Posted by: normanlgreen | March 4, 2012

Dream, March 4, 2012 tourist adrift in San Francisco.


Dream, home, 7:08 am

Sherwin, Keats and I take a family vacation to San Francisco. We wait for a bus. There is confusion about where we are to go in order to meet up with people who my wife knows. My father is also somewhere in the city, so there are conflicting priorities. While the bus waits at the curb, I step out and dash into a candy shop to buy some sweets and to ask advice.

The clerk offers me a cut price on some tiny super-hot gummy mints – the package has been damaged. Before I leave the shop, I cross to a group of young people who wear dreadlocks and sit at a booth tucked under corner windows that offer views in 2 direction. There is an old movie house marquee visible to the North. I ask the people what they would not want to miss if they were visiting San Francisco. They have no suggestions. I tell them that I like old theatres. Do they have any favorites? They only recommend places with which I am familiar, but I thank them and leave.

I step back onto the bus, but my family has gone. I ask the driver if they left. He tells me that they were angry when they got off, but that he will alter his route so we can track them down. The driver is a small African-American man in his early sixties. He has a set countenance of cautious indifference, yet he will go out of his way to help me.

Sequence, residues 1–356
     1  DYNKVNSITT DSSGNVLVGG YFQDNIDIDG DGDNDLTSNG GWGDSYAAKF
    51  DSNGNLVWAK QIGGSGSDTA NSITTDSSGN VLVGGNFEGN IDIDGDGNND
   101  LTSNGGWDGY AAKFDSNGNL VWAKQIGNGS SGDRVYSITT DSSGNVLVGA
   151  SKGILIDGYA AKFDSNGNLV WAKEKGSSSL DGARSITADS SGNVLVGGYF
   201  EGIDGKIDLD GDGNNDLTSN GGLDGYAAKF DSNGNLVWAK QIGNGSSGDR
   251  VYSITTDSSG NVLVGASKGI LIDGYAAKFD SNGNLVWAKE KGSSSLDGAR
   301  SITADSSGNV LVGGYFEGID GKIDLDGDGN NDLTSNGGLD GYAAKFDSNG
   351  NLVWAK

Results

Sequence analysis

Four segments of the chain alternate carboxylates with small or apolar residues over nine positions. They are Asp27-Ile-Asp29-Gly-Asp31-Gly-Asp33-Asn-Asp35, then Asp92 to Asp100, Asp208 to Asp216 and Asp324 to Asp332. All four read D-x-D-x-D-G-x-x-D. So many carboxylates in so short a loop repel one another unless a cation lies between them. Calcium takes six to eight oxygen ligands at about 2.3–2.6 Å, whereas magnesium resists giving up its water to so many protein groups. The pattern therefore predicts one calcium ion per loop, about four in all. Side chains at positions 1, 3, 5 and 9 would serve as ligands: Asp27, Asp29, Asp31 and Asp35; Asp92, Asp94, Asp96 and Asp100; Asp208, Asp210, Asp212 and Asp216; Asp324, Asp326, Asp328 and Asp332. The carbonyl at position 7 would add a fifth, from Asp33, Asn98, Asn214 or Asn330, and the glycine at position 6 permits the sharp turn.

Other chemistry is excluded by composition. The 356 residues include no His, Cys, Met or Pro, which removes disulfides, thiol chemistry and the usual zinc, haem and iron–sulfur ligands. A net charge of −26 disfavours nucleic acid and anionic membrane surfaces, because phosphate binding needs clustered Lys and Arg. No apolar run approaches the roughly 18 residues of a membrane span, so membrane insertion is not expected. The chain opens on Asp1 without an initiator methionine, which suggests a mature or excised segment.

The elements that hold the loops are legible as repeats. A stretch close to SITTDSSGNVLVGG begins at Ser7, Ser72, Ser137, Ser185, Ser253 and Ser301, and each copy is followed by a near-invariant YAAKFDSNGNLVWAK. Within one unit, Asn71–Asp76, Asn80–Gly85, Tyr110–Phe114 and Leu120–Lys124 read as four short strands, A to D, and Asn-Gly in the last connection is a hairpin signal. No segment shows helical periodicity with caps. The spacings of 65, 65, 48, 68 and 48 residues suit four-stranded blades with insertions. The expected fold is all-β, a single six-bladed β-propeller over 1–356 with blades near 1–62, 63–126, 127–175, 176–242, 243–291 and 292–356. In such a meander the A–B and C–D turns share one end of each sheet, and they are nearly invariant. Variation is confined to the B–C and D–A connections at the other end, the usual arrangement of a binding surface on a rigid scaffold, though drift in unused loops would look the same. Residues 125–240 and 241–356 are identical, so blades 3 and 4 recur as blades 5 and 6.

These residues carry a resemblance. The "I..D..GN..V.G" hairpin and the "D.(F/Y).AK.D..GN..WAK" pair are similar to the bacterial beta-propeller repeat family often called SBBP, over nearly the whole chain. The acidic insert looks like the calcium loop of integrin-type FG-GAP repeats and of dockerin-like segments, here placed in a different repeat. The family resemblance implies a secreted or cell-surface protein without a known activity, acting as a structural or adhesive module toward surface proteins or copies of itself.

He takes a sharp u-turn across traffic, drives North for a block then turns left at a corner. The sun is blinding as he turns West. All of the buildings in this section of town are under construction in white concrete. The bus gets stuck in a shortened street that is blocked by construction work.

I abandon my helpful driver to his problems and set out on foot, back in the direction of the corner where I last saw my family. A woman comes down from a two-story walk-up and stops me. She declares that earlier she had intended to wish me a happy birthday, but had failed. She insists that I come up to her room. I ask if I can use her phone to reach Sherwin.

By room, she means literally that – a one room apartment with one window set high in the west wall – not great light, at is opens onto a narrow space between this and the next building. There is a single bed tucked into the corner and an open closet at its foot– dresses on hangers stick out into the room. The woman has a faint Midlands accent and an easy, confident way. She stands a few inches taller than I do and out-weighs me by fifty pounds. I cannot bring myself to tell her that I have no idea who she is, despite the birthday greeting. She hands me her cell phone, but it has so many rules to use it, that I cannot get through. I dial, using her land line – though there will be long distance charges to call a tourist’s cell phone. I ring through to Sherwin’s voice mail – the message has been replaced with one to suggest that she has run out of patience for me. I consider finding a room the size of my new friend’s digs, wonder at the cost and how I could earn a living in this city.

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